The initial plan was to look only at the time stemming from the Industrial Revolution, and this is certainly where a majority of the changes began. This is not going far back enough, unfortunately. Realistically, the United States sprung up from nowhere, a culture unto itself yet built upon the customs of the countries (England, France, Ireland, Germany, etc.) from whom the first colonists came. The plan was also to look only at the United States. This was a naive approach because in today’s global economy borders are not so easily defined. Even some of the brands we most closely associate with America are now owned by foreign corporations, and most large corporations operate globally. Even micro-businesses run by one part-time artisan often cater to a worldwide economy. Therefore I have gone back not only to the influences on colonial American and eventually the United States, but also to the roots of many of the European ideas that formed these influences. The scientific method can be traced (at least) as far back as Aristotle, with Francis Bacon picking back up on it more than a thousand years later.
I have found during my research that influence — from marketing, from our peers, from media, from the news — has such an incredibly drastic effect on our behavior. It brings into question the very nature of free will. We clearly have an ability in the moment to make personal choices — for example, you can choose to continue read, or not. This is a freedom of choice. The question is to what degree our prior experience — for the most part out of our control — has an effect on the person we have become, and therefore the choice that we will make “in the moment.”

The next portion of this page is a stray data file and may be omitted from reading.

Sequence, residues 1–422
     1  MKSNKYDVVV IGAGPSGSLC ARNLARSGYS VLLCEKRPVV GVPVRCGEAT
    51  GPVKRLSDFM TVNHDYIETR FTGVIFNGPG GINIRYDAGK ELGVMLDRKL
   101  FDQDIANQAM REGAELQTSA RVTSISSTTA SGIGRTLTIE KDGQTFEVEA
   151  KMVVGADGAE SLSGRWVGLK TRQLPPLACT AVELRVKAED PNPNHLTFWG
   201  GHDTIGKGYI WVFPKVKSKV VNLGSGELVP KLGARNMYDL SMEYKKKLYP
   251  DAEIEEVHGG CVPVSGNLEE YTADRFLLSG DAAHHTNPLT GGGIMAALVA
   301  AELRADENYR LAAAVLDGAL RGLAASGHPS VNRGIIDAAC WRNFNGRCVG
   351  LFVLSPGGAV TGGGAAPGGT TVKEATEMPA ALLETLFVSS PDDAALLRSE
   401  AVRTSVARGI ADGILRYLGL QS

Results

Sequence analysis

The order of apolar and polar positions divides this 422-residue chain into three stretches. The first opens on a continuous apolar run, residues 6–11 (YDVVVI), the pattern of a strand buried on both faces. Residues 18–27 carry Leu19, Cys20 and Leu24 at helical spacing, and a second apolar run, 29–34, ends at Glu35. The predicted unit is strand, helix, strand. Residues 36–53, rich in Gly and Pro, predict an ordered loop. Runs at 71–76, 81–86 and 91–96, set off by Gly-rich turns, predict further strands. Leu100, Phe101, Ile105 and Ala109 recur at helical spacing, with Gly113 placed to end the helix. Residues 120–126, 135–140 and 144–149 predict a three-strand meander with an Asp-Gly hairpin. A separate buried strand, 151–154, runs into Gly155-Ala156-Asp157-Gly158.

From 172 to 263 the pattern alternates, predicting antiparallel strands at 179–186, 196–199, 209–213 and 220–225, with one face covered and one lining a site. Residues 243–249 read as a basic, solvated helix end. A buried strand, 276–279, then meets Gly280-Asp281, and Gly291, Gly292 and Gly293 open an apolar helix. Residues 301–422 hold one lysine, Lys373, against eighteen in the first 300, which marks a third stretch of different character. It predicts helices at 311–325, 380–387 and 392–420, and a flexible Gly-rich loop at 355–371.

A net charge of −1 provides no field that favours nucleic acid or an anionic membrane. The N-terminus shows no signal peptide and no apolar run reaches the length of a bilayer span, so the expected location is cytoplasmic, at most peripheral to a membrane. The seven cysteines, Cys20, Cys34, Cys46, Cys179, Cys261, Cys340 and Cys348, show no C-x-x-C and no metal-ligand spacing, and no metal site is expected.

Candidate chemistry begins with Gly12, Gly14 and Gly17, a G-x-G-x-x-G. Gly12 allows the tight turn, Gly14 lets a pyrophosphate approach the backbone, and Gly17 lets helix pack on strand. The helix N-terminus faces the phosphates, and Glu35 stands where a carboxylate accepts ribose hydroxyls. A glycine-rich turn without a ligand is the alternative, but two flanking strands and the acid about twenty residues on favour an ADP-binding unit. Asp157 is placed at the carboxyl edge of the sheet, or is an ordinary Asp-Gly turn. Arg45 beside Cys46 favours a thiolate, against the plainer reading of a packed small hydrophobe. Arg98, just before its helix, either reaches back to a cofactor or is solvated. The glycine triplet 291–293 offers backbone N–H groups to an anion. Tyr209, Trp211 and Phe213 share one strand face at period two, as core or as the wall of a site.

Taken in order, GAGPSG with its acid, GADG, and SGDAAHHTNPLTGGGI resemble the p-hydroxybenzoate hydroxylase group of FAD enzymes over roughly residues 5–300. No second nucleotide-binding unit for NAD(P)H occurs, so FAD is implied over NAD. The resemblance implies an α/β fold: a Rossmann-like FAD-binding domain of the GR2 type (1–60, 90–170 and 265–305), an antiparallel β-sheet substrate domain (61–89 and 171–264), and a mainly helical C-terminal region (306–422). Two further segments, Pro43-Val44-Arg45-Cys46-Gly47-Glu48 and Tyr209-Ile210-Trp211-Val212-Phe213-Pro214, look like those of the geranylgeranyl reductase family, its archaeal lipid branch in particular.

This is also a very substantial portion of the book, because the influences I discuss determine how and why we accept modern “complications.” It is easy to look at marketing and understand that it is effective and clearly has an influence on consumption, but it’s important to look further and understand that marketing exists in many forms. If we accept that a talented advertising agency can influence the breakfast cereal we choose, what can we say about politicians who have been hiring advertising agencies for a century? Why can psychological studies overwhelmingly predict the winner of elections based on subjects perceptions of their photographs? How much influence is conferred based on which book we choose to read to learn about a new subject?
I also review how technological advancements have changed the nature of both advertising and even news itself. Prior to the internet, we all read the same newspapers, listened to the same radio stations, watched the same television news. There may have been a handful of choices, but the were self-contained. Today, complex algorithms determine which news stories are presented to us based on our past reading history. The news articles that Apple or Google presents to you are different than the ones it presents to me.